I still have herb, perennials, annual flowers and alpine strawberry seeds to start as well.  The herb bed is also in a state where the supplies are ready but it will take at least a day to move the existing plants and another day to place the stones, bricks and drainage tiles in a configuration that suits me.  
 
gardener
Posts: 661
Location: Ontario - Currently in Zone 4b
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Jen - my neighbours all think I am crazy for starting my garden so early even though everything I have in it is frost tolerant. Last frost date isn't technically until this Monday, but I have been cautioned it is better to plant things in another week or two. Plenty of time to grow a garden before September frost :)

It's all in how you think of it, eh?

Plant what you can, is all I can say. Plenty of season left.
 
pollinator
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Location: Canadian Prairies - Zone 3b
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Jen, sometimes circumstances overwhelm. C'est la vie. It happens to all of us. Don't sweat it.

You have plants and seeds in the ground, and they will produce food. That's a win. Period.
 
Jen Fulkerson
gardener
Posts: 800
Location: N. California
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So far so good.  The veggie plants are already growing new leaves, and one tomato and one egg plant have started to grow.  Radish and I think marigolds are already popping out of the soil. I love to go out and find something new every day.  Besides eating what I have grown, this is my favorite part.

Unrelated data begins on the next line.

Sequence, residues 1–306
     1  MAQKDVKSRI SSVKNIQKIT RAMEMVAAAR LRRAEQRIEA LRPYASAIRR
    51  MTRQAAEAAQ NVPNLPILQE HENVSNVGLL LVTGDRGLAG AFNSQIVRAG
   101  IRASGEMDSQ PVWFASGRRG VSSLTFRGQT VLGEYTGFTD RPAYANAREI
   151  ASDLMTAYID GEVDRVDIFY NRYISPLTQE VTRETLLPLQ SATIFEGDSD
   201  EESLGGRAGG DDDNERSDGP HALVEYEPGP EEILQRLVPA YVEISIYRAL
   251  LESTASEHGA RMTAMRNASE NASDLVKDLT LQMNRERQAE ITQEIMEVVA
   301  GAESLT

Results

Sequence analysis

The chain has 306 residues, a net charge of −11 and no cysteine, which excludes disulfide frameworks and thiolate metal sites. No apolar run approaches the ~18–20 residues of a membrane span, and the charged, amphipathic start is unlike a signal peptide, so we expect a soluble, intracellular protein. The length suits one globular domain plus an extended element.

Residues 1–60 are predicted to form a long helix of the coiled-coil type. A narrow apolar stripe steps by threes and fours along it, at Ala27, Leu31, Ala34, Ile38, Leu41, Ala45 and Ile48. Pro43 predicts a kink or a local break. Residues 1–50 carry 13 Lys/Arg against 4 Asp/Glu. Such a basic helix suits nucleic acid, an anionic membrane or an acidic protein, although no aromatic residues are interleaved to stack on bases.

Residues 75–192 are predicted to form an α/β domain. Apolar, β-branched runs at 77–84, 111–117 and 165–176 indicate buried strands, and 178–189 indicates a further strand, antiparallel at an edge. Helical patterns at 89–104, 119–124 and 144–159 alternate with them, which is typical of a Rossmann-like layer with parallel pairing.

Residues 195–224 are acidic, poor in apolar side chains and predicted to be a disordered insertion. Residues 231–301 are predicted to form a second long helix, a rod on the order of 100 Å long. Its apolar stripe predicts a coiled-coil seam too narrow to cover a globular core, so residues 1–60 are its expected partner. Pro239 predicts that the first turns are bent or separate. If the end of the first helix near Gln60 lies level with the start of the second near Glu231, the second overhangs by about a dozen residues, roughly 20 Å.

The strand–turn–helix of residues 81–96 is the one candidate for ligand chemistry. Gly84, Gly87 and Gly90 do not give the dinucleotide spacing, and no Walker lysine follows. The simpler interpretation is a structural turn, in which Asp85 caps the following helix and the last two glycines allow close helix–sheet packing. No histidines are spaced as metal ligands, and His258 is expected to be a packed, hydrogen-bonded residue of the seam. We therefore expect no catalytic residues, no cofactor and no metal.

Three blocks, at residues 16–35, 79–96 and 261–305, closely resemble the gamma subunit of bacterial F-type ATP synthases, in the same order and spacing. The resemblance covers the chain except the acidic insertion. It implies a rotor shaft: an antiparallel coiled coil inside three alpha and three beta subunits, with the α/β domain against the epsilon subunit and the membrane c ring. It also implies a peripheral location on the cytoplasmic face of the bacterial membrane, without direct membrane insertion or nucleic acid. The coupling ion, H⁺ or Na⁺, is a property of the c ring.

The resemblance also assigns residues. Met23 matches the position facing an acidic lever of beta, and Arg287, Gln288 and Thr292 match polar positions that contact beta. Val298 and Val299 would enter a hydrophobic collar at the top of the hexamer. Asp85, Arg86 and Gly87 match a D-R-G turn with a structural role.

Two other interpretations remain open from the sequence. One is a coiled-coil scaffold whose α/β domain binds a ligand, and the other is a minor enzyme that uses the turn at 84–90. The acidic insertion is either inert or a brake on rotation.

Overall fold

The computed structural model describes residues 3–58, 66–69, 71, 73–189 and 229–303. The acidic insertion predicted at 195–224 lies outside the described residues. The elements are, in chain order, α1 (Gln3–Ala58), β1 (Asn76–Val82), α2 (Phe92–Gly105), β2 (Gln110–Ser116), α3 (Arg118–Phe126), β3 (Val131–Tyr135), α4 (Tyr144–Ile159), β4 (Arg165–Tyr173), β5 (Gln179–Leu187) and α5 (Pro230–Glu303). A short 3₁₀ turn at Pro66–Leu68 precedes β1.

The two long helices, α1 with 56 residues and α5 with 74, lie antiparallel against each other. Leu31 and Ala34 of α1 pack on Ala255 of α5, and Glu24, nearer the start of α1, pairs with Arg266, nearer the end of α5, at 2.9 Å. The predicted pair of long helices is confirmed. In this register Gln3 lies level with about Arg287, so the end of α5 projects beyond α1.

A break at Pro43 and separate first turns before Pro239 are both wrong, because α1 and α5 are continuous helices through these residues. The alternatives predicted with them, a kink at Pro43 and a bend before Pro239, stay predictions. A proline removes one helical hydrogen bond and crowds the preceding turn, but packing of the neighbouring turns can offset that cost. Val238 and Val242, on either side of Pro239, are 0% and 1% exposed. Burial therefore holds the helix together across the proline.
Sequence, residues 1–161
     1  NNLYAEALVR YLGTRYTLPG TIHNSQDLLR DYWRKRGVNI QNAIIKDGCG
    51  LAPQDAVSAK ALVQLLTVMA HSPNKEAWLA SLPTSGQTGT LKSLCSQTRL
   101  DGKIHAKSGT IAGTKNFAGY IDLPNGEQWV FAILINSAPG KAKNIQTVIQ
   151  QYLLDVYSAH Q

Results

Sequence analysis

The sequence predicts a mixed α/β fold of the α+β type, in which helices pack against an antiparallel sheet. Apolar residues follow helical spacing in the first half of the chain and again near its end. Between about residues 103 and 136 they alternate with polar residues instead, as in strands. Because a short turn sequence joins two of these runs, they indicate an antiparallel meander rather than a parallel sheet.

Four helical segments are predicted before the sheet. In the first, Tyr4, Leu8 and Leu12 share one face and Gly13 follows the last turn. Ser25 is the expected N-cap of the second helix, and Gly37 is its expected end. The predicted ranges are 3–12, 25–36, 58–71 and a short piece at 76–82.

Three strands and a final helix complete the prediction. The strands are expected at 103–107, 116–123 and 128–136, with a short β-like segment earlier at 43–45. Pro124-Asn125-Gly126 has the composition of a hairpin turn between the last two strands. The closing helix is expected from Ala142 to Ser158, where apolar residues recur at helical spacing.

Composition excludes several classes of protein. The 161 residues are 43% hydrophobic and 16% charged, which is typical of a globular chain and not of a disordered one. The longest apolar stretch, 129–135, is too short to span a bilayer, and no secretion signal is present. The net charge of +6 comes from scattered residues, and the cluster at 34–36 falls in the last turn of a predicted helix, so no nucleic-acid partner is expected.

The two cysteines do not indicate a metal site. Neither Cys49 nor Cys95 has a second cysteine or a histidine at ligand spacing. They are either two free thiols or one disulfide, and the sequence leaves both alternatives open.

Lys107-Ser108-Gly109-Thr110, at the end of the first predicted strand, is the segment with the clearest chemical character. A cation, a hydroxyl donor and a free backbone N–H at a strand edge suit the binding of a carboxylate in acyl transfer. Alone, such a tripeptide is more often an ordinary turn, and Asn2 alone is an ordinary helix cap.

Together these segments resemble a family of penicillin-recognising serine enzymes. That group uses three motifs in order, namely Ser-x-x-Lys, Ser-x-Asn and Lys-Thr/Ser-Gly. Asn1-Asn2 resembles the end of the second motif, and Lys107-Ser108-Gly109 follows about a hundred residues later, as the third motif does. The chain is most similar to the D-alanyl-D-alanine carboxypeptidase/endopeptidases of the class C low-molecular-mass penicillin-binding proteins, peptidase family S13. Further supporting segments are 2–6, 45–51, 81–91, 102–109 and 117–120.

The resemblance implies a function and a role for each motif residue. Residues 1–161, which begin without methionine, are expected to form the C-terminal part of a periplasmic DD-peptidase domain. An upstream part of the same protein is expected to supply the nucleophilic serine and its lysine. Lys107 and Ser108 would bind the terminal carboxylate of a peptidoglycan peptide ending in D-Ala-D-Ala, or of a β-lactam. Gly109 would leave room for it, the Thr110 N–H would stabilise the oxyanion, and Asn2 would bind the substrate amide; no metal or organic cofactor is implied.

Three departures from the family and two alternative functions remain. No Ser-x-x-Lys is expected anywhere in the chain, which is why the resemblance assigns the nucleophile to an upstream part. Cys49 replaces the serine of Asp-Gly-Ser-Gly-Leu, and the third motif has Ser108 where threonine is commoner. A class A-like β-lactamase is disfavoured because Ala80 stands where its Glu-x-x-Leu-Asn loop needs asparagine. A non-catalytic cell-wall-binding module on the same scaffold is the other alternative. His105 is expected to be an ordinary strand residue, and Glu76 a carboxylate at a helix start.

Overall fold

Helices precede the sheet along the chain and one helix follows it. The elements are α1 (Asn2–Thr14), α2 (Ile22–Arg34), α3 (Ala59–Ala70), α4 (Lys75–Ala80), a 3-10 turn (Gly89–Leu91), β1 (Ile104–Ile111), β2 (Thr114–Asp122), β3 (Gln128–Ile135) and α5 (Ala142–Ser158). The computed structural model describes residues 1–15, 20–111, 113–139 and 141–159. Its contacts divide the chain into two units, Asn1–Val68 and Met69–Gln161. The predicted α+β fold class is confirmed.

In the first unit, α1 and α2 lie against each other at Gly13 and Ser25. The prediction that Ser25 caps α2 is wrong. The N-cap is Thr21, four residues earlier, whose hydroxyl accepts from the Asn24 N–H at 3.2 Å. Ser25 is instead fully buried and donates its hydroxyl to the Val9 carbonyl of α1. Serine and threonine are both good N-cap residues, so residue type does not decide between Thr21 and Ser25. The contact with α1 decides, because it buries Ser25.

gardener
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Location: Southern Illinois
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Jen, I am with you.

Do to a multitude of circumstances, my gardening season is still not started yet, but I hope to by early June.  I will probably only be planting some tomatoes and pole beans—just enough to get some roots in the ground and a little bit of food on the table.  I wish things had worked out differently, but circumstances—mostly happy ones, kids graduating—got in the way.

I say go with the experimental year and see what you can get.

Eric
 
Jen Fulkerson
gardener
Posts: 800
Location: N. California
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Things are going surprisingly well.  We ate our first zucchini yesterday.  I have baby yellow squash, and about 4 kinds of zucchini.  I predict my family, friends, and I will be sick of squash by the end of summer.  I have several tomatoes growing, and a few peppers.  The basil, and chives look great. No surprise radish are growing fast.  I have two japanese egg plants about 4" long. The beans are growing well. I was reading they won't produce if the weather is over 90 degrees.  This is strange because it says on the charts for my zone I can plant beans through the month of June.  It's rare for us to have temperature under 90 in June.  So we will see.  I got lots of beans Last year, but planted much earlier.  A lot of the flowers didn't germinate.  Maybe it's to hot, maybe the seeds were old.  I will try again.  All things considered it's doing well.